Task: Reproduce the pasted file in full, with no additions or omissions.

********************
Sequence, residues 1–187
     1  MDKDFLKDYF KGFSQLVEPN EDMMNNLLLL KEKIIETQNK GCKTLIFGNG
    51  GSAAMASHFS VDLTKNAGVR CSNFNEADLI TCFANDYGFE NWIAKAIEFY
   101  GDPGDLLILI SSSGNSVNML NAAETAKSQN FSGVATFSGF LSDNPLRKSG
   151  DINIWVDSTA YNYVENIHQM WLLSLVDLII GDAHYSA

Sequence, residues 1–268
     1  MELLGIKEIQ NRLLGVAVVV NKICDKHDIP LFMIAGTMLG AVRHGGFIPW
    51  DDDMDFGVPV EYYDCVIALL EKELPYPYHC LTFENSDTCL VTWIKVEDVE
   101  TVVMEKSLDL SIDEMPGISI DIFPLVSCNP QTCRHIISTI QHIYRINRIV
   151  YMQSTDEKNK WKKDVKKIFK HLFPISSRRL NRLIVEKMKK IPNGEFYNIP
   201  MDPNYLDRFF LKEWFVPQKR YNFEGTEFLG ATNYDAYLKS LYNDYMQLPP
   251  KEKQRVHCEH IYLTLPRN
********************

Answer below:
Sequence, residues 1–187
     1  MDKDFLKDYF KGFSQLVEPN EDMMNNLLLL KEKIIETQNK GCKTLIFGNG
    51  GSAAMASHFS VDLTKNAGVR CSNFNEADLI TCFANDYGFE NWIAKAIEFY
   101  GDPGDLLILI SSSGNSVNML NAAETAKSQN FSGVATFSGF LSDNPLRKSG
   151  DINIWVDSTA YNYVENIHQM WLLSLVDLII GDAHYSA

Sequence, residues 1–268
     1  MELLGIKEIQ NRLLGVAVVV NKICDKHDIP LFMIAGTMLG AVRHGGFIPW
    51  DDDMDFGVPV EYYDCVIALL EKELPYPYHC LTFENSDTCL VTWIKVEDVE
   101  TVVMEKSLDL SIDEMPGISI DIFPLVSCNP QTCRHIISTI QHIYRINRIV
   151  YMQSTDEKNK WKKDVKKIFK HLFPISSRRL NRLIVEKMKK IPNGEFYNIP
   201  MDPNYLDRFF LKEWFVPQKR YNFEGTEFLG ATNYDAYLKS LYNDYMQLPP
   251  KEKQRVHCEH IYLTLPRN